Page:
The Housing Institute of Buenos Aires City Government has designed and implemented a large-scale participatory slum upgrading process that is integrated, sustainable and inclusive through broad stakeholder participation in all phases of the intervention.
Problems and Purpose
While the total population growth of the City of Buenos Aires has not suffered important variations during the last sixty years, the population in slums has doubled during the same period. Currently, in the city, there are 36 slums and informal settlements. This means more than 250,000 people living in substandard conditions (insufficient living space, poor access to water, gas, electricity, and sanitation, and insecurity of tenancy).
Understanding that the conditions in which people are housed — as well as their access to schools, transport, jobs and nature — are critical factors that affect the quality of life, the government has become more active in large-scale slum upgrading and integrating slum communities into the wider city. Since 2015, it has been implementing this process with an innovative community participatory approach in three slums: Villa 20, Villa Fraga and, Villa Rodrigo Bueno. The Villa 20 has been chosen in this case because of its scale (it is one of the largest slums in the city of Buenos Aires).
Villa 20 is a slum located in Lugano neighborhood. There are 9,200 families living in 4500 houses which total 28,000 people. The lack of infrastructure in this slum is striking, including poor access to an adequate water source, lack of access to improved sanitation facilities, as well as lack of a sufficient living area and security of tenure. All these conditions have severe effects on the inhabitants of the neighborhood.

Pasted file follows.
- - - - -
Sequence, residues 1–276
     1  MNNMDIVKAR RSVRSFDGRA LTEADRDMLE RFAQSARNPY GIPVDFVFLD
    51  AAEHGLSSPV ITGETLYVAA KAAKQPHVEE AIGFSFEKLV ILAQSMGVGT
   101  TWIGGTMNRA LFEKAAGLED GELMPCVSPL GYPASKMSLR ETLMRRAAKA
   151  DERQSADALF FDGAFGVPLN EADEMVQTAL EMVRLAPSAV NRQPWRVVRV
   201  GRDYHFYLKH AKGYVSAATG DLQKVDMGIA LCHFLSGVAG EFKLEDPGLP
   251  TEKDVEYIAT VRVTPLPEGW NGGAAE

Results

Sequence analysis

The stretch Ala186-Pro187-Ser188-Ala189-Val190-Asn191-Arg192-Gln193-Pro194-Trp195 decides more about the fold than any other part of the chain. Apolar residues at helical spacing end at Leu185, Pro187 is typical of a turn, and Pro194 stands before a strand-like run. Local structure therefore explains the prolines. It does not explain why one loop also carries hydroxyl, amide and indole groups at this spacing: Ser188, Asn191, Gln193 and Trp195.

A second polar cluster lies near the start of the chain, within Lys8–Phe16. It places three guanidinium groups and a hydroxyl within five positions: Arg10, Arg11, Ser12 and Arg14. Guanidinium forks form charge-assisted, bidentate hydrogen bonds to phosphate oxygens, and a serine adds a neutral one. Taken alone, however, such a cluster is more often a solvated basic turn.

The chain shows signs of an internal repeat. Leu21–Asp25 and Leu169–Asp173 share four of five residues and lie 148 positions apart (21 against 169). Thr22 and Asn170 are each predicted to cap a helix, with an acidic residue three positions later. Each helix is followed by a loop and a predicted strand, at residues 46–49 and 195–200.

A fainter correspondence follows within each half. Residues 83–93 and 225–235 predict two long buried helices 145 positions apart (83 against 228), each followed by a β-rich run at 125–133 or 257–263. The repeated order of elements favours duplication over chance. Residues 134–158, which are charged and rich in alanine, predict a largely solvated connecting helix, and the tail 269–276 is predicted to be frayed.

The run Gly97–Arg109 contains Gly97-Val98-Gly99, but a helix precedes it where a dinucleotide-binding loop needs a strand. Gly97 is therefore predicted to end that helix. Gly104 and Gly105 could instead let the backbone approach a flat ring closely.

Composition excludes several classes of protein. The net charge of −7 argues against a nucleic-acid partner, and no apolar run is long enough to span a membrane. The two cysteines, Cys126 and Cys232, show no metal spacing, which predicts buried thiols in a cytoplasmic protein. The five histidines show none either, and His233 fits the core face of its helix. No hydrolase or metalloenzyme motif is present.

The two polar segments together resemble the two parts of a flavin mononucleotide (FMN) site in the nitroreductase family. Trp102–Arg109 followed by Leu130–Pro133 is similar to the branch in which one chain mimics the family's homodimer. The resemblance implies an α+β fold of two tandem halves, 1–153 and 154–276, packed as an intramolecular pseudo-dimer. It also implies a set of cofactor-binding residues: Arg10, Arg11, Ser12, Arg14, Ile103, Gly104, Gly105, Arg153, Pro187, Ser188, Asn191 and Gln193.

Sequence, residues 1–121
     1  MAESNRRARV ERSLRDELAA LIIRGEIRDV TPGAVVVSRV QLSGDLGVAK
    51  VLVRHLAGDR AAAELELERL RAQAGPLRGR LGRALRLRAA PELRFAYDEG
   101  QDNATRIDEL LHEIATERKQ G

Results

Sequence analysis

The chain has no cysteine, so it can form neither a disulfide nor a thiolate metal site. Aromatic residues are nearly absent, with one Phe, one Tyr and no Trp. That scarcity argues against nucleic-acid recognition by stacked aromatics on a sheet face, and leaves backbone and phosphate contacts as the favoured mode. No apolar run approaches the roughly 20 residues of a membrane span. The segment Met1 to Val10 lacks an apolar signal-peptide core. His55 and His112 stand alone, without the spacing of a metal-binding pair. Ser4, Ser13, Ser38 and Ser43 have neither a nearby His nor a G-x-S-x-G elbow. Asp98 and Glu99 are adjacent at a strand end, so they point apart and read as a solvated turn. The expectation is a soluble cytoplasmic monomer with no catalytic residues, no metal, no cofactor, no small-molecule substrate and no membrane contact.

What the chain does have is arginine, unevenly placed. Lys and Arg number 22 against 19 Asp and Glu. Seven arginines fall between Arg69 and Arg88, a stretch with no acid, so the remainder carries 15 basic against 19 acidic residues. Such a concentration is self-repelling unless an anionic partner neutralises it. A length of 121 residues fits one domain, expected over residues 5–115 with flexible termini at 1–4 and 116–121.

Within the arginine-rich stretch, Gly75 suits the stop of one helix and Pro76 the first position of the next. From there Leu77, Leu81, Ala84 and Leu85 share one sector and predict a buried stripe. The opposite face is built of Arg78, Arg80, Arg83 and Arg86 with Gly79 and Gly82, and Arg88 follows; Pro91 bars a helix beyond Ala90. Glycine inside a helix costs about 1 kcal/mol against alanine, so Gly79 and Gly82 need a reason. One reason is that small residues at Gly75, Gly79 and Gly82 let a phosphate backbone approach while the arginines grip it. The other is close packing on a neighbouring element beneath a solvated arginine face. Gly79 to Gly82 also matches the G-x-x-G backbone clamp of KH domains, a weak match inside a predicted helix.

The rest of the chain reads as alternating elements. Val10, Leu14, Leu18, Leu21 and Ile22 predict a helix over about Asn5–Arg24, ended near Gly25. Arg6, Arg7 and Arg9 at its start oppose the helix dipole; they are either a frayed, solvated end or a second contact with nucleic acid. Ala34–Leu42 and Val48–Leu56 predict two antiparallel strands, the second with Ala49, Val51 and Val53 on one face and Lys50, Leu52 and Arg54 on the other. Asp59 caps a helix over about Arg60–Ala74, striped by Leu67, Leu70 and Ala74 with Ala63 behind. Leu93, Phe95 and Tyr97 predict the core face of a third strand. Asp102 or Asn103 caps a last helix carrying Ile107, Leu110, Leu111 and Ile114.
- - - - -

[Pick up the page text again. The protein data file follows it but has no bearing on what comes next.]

Background History and Context
Over the last twenty years, slum upgrading has increasingly been regarded as the most effective method for mitigating the problems faced by slum dwellers (UN-HABITAT, 2016). There has been an increasing realization that urgent solutions are required. There are many examples in the global experience in slum upgrading going back to the 1960s in the World Bank-supported Kampung Improvement Program in Jakarta, Indonesia, or the Bustee Improvement Program in Calcutta in the 1970s. Also, in Latin America, there are multiple such programs financed by the Inter-American Development Bank from 1980 to 2016 in Brazil and Mexico.
Unlike these experiences, the particularity of this case is that it starts from the premise that the participatory community will be part of the design and implementation of the process. In practical terms, this means that each upgrading project is designed to reflect each slum's own process, with its particular social composition, and its own community governance structures, led by the neighbors involved in active participation.
Many project designers would agree that “process matters”, but there are few examples where process has been given such priority in the design and implementation, and at such a scale.
Organizing, Supporting, and Funding Entities
The Housing Institute of Buenos Aires (IVC) is the city government body responsible for providing citizens with access to adequate housing and to an integrated neighborhood. This Institute is actually working in the upgrading of 8 slums of the city (with impact on more than 50% of the City slum dwellers) and is doing it with an innovative bottom-up approach.
Participant Recruitment and Selection
Know how participants were recruited? Help us complete this section!
Methods and Tools Used
Participatory Slum Upgrading Process (PSUP)
The participatory slum upgrading process (PSUP) launched by the Housing Institute of Buenos Aires, presents an innovative approach in planning and implementation at the urban and community level. This process is based on the three pillars of inclusion and integration that are the foundations of the Institute's approach to neighborhood improvement: